Let Black Voices Ring Again

Using Design to Help a Community Reclaim Its History
The outside of a church.

Mt. Zion Baptist Church in Athens, Ohio, the focus of a Citizens’ Institute on Rural Design (CIRD) rehabilitation project. Photo courtesy of Omar Hakeem

How do you remember and celebrate a city’s significant history of Black achievement and accomplishment when many, if not most, of its Black residents have long since moved away? How do you adapt a historically important but dilapidated Black church into a safe and thriving community center for the Black community? These were some of the questions that led the Athens, Ohio-based Mt. Zion Baptist Church Preservation Society to apply to the highly competitive Citizens’ Institute on Rural Design™ (CIRD), a National Endowment for the Arts design initiative in partnership with the Housing Assistance Council that helps small, rural communities tackle their unique preservation and rehabilitation issues for the social and economic benefit of the community.

Since the early 1990s, CIRD has annually facilitated focused, three-day workshops in at least three communities with populations of 50,000 or less to help them with issues ranging from improving walkability to revitalizing Main Streets to rethinking how public space can better serve community residents, which was the challenge faced by the preservation society.

When the newly completed Mt. Zion Baptist Church was dedicated in September 1909, it was the culmination of four years of hard work by its freeborn and formerly enslaved Black congregants, many of whom literally provided the building labor. The church, one of two Black congregations in the region at the time, was not just a place of worship but also a beacon of possibility for Athens’ thriving Black community. Despite the systemic racism that was rampant even in a “free” state like Ohio, in the mid- to late 19th century, Athens County was home to a larger percentage of Black residents than other counties in the state. While the city was known for Ohio University, the first educational institution in the U.S. with a federal endowment, it could also boast of being part of the Underground Railroad as well as having its own prominent Black-owned-and-operated schools and businesses. Over time, however, much of the Black population left Athens in pursuit of better job opportunities; as of the 2010 Census, the community of roughly 24,000 was only 4.4 percent African American. As Black residents moved away, Mt. Zion lost most of its congregation, dwindling from a high of roughly 200 members to just 10 in 1974, as reported in a 2012 Athens News story.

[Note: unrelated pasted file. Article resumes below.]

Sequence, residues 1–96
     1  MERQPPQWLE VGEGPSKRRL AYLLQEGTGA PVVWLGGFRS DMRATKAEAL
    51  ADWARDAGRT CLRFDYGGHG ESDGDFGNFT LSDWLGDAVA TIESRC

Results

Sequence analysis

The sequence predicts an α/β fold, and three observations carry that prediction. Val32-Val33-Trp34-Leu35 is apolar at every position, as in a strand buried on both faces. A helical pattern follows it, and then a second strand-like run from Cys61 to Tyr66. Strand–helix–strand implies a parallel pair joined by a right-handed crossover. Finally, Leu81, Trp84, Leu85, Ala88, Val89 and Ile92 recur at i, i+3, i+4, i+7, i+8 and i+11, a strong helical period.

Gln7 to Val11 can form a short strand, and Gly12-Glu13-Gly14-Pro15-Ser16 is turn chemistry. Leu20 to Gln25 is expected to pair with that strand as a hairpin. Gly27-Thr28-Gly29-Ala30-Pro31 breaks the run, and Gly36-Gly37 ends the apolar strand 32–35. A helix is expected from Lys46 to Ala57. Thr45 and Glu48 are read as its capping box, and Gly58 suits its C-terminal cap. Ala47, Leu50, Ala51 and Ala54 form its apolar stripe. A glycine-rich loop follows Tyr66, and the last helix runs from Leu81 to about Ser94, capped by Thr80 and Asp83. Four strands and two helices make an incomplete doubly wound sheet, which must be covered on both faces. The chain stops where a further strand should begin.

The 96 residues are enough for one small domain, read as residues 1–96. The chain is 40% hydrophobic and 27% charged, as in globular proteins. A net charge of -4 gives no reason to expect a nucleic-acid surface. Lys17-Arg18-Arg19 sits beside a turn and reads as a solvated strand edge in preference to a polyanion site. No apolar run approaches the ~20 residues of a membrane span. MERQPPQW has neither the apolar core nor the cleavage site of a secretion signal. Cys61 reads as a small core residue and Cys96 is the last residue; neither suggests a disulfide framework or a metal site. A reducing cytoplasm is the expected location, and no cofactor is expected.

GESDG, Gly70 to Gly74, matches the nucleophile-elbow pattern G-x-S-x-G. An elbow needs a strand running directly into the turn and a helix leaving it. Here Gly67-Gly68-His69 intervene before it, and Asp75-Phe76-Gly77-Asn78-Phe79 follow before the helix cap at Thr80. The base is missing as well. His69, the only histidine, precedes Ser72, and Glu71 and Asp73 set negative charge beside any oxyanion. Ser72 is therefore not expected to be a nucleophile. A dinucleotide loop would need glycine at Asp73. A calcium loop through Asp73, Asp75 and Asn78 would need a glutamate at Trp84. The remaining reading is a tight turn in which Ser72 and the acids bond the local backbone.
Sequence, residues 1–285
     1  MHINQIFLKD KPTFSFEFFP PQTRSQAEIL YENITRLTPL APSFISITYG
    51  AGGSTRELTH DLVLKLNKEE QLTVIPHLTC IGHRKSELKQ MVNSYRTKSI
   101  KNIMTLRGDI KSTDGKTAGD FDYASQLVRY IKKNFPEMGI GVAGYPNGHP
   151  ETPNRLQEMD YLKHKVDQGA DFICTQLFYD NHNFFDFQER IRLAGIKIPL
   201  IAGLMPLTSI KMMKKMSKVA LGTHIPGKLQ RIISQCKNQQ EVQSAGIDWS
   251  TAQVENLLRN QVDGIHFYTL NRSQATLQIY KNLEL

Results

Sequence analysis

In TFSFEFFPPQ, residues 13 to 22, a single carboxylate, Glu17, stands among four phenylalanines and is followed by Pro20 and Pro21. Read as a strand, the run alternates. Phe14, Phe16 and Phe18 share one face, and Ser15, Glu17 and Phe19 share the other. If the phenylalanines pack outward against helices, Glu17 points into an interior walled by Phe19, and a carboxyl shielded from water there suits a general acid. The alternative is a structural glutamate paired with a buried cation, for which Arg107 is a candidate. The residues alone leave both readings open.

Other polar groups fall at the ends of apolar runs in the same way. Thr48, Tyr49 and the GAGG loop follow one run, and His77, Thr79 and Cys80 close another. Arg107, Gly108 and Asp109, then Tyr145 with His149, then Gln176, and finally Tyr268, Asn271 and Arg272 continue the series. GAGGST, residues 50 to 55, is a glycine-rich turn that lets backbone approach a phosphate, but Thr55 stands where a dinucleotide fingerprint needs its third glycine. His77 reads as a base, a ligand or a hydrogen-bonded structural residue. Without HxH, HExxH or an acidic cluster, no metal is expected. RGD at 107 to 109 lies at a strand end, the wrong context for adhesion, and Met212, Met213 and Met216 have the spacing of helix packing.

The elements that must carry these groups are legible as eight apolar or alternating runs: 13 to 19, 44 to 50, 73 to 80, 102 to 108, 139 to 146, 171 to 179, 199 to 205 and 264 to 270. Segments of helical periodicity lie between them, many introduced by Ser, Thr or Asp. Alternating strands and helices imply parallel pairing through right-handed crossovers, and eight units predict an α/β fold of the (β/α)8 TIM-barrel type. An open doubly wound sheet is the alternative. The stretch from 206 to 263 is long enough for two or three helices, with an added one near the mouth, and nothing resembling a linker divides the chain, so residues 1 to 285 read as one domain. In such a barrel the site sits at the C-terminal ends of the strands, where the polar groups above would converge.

The interior of a dilapidated church, looking toward the stained glass.

The interior of the Mt. Zion Baptist Church in Athens, Ohio. Photo courtesy of Omar Hakeem

In 1980, the church building was placed on the National Register of Historic Places; the nomination form noted that it was “significant as representing the only major building standing in the city of Athens associated with its Black community.” This was not enough, unfortunately, to keep the congregation from formally disbanding in the early 2000s. The church building’s steadfast presence however, did help spark conversations about what role, if any, it could play in ensuring that the history of Black achievement and contributions in the Ohio River Valley was not lost. 

Fast forward to 2019 when the Mt. Zion Baptist Church Preservation Society was accepted as a CIRD community participant. NEA Design Specialist Courtney Spearman said that the project was a good fit for the program because of “the combination of the long history of the place, the marginalization and invisibility of that community, and the very strong support and engagement that the [preservation society] has developed.”

While there are a number of federal programs that provide technical assistance to rural communities, according to Spearman what sets the CIRD approach apart is the arts and design focus. By participating in a workshop, communities not only receive help in solving a specific community-selected challenge, but they also learn how to apply design thinking to addressing other local issues.

“I think the process of design and the way that you think about things in an iterative or ‘try-again’ sort of way is really powerful and helps people feel empowered to make changes in their communities,” said Spearman. She noted that this type of experience with iterative problem-solving can be particularly powerful in communities of color, which due to historic and ongoing racist practices, are often severely under-resourced as opposed to other areas in their region. Spearman added that design-focused programs like CIRD can help residents in communities of color not only understand how to affect the changes they want to see in their neighborhoods but also give them the confidence to know they can ultimately be successful.